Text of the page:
Gemstone gives us a DONALD DUCK comic book featuring reprints from Don Rosa, Pat and Shelly Block, and William Van Horn.
Other publishers offer looks at SCOTT PILGRIM (Oni), OWLY (Top Shelf), and AMELIA RULES! (Renaissance Press).
Wizard has a free comic listing the “Top 100 Trade Paperbacks of All Time.” No doubt that their list will needlessly cause a kafuffle on-line. We all know what WIZARD likes, and it shouldn’t be a big shock when the bulk of their titles come from DC and Marvel. We can chuckle over their list and poke fun at the high rankings that books like WOLVERINE: ORIGIN or AGE OF APOCALYPSE might get, but it’s all pointless.
Let’s move into the regular part of the catalog now:
Dark Horse has a new book titled ARCHENEMIES that could be fun, if it doesn’t sink into too many cliches. It is a four part mini-series with a more comedic superhero tone to it. Two roommates that hate each other don’t have a clue that they are each other’s arch enemies as super-powered people. It’s THE ODD COUPLE for the superhero set. It sounds like high concept fun to me.
The writer is a stand-up comedian and school teacher by the handle of Drew Melbourne. The art comes from Yvel Guichet, who did a little stint at Marvel and DC not too long ago. I remember him best from the overlooked gem, RELATIVE HEROES, that he drew from Devin Grayson’s scripts. Joe Rubenstein inks him.
As much as we all might complain about the high price tag, someone must be buying the NEXUS hardcover reprints. There’s a third volume collecting issues #12-18 due out in May now. It’s still $50 a pop for 216 full color pages.
A third CONAN collection of the current Kurt Busiek-penned series is also coming in May as a hardcover (June in softcover). It’s titled “The Tower of the Elephant and Other Stories.” This one has the #0 issue, as well as #16, #17, #19-22. Cary Nord draws the vast majority of the book, with a little help from the amazing Michael William Kaluta.
Marvel Comics has a small wealth of collected editions in store for you this April that will drive you to the poor house. But first, a word of warning:
Do not read the solicitation text for DAREDEVIL #84. Just don’t do it. It contains a massive spoiler. Bigger than massive, perhaps. Perhaps not: I might just be overreacting for having been spoiled. Don’t read it. There’s an event described therein that hasn’t yet happened in the most recently published issue of DAREDEVIL. UGH
I like the stretch effect used on Reed Richards’ head on Greg Land’s cover to ULTIMATE FANTASTIC FOUR #29.
Let’s get to the collected editions now:
We start with DEFENDERS: INDEFENSIBLE PREMIERE, which is the Marvel Premiere kind of hardcover collecting the just-recently-concluded five-part mini-series from the “bwah-ha-ha” team of Giffen/DeMatteis/Maguire. It’s $20 if you want to jump on in April.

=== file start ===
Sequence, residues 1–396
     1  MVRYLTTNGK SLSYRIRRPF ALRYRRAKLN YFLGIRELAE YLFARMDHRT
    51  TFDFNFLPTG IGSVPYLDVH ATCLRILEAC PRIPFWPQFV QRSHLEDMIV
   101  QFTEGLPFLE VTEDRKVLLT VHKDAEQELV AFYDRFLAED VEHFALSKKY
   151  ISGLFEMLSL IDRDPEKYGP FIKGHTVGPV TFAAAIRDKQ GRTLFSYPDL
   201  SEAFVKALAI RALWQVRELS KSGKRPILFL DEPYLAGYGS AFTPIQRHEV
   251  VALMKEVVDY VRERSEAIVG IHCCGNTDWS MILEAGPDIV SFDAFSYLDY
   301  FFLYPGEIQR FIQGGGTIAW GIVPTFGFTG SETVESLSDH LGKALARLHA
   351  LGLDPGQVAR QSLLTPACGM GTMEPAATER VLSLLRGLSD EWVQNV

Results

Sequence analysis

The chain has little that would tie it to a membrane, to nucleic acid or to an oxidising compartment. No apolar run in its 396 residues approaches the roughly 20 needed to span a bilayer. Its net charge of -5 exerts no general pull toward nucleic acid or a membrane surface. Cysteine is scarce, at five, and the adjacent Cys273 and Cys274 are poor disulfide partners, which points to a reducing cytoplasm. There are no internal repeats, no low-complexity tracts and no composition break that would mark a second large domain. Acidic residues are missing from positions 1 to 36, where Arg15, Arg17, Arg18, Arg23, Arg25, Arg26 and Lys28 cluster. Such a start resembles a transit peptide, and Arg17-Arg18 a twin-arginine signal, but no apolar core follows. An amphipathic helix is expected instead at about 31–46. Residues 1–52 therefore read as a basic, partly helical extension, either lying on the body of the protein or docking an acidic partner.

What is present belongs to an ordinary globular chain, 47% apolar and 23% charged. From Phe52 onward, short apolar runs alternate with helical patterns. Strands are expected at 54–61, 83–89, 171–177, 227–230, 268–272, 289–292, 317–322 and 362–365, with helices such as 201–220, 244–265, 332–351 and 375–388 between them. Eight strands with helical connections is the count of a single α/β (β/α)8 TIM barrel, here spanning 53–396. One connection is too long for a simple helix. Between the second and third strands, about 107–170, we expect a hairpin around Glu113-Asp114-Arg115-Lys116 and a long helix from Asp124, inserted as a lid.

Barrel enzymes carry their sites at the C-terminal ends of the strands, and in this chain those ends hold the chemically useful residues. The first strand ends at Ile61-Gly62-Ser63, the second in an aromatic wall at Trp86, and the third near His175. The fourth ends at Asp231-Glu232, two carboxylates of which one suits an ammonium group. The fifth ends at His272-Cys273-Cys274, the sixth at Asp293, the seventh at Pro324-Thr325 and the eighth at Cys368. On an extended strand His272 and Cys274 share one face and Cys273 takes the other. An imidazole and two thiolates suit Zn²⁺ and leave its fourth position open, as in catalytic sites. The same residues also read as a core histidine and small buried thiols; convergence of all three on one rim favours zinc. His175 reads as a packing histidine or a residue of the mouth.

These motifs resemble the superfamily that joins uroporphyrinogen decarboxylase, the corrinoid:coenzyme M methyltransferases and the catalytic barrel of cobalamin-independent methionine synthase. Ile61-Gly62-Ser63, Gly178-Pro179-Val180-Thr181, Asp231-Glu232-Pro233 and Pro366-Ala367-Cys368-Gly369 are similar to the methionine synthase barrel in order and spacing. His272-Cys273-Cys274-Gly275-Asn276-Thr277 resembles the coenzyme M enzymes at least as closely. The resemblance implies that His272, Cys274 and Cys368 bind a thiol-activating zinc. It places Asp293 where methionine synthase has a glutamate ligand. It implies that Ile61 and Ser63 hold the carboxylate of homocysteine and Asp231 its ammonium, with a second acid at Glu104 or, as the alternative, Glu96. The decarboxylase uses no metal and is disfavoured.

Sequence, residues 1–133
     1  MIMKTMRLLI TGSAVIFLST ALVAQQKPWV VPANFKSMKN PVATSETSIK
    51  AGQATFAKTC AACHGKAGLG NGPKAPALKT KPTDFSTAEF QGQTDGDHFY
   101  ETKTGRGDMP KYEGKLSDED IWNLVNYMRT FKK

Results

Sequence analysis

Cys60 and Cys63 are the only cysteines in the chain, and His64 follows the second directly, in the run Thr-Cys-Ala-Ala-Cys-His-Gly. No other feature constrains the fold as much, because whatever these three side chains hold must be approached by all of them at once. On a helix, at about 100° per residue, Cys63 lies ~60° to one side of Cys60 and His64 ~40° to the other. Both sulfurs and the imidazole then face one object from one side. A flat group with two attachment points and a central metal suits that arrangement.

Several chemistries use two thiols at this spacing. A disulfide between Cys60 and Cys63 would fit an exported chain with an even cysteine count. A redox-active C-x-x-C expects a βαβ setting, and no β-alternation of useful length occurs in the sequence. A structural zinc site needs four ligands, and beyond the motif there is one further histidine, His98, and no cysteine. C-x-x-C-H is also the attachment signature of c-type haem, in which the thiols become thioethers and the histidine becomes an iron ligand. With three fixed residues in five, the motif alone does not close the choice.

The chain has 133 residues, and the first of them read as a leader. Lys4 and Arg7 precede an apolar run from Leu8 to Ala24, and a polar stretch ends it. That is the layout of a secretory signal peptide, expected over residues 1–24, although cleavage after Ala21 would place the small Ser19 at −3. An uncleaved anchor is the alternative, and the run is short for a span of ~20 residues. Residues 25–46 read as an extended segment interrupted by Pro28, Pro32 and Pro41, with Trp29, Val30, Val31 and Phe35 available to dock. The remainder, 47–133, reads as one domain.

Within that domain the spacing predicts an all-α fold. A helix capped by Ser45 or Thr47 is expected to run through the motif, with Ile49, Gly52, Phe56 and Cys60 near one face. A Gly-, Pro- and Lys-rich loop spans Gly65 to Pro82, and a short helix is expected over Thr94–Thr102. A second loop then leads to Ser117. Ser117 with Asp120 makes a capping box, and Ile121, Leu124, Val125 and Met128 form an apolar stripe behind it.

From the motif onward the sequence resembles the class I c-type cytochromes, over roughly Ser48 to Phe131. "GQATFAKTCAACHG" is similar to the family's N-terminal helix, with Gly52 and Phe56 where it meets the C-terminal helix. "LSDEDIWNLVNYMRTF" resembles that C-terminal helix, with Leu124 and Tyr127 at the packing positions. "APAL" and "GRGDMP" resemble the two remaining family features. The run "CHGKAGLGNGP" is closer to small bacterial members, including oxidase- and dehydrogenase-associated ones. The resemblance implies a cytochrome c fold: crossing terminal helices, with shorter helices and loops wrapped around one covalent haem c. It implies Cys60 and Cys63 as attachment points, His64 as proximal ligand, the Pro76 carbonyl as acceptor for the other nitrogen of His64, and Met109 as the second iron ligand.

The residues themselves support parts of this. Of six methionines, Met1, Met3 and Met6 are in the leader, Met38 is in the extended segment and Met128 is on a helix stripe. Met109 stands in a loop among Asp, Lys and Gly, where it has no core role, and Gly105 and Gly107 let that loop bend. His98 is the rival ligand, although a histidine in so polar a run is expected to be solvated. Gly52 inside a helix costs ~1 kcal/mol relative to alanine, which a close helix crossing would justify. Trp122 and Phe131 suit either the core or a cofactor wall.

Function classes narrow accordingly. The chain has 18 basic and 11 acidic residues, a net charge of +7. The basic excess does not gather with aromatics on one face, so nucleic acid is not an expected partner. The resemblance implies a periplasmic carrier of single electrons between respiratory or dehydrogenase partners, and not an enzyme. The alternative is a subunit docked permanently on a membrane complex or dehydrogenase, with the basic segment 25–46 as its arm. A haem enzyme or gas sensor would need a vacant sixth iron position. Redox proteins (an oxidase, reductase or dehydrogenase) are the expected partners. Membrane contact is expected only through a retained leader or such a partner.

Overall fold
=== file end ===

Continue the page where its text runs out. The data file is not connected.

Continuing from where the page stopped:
SPIDER-MAN: THE OTHER is the slightly larger than normal hardcover collecting the recent gigantic Spider-Man crossover penned by J. Michael Straczynski, Peter David, and Reginal Hudlin. It’s funny; for something that I had so little interest in, it suddenly becomes interesting when presented in one large 288 package like this. I think I’ll end up passing, but I’ll have to wait for it to hit shelves on April 19th to tell for certain. $30 buys you the long-winded story of Spider-Man’s rebirth and new costume.
At last, ASTONISHING X-MEN is presented in one hardcover. This is a 320 page book with story from Joss Whedon and art by John Cassaday. It’ll be worth it for Cassaday’s art on the larger paper alone. I enjoyed most of Whedon’s story, although I understand some of the criticisms of it. For the most part, I just shut my brain off walking into it and enjoyed the ride. It was enough for me.
There’s also a variant edition of this for the bookstore market that features Whedon’s name prominently, while minimizing the art on the cover. DC had a good idea there when they did it with IDENTITY CRISIS, and Marvel is — as it always promised it would — borrowing it smartly.
If that’s not enough X-Men for you under one cover, I’d have to recommend the UNCANNY X-MEN OMNIBUS Volume 1 edition. It’s $99.99, but check out what you get for the price: GIANT-SIZED X-MEN #1, UNCANNY X-MEN #94-131, and the third annual. It also contains the original letters columns for all the issues. This, of course, features Chris Claremont’s writing with art from Dave Cockrum and John Byrne.
Wait, there’s more! MARVEL MASTERWORKS: THE X-MEN Volume 6 collects issues #54-66 of the original series. That’s the entire run of Roy Thomas and Neal Adams for $50.
If you’re a fan of the NEW MUTANTS, Marvel is also getting around to reprinting those stories. NEW MUTANTS CLASSIC Volume 1 is a $25 book with 240 pages in it. You’ll get the first seven issues of the on-going series, plus MARVEL GRAPHIC NOVEL #1 and UNCANNY X-MEN #167. Claremont wrote it, while Bob McLeod drew it.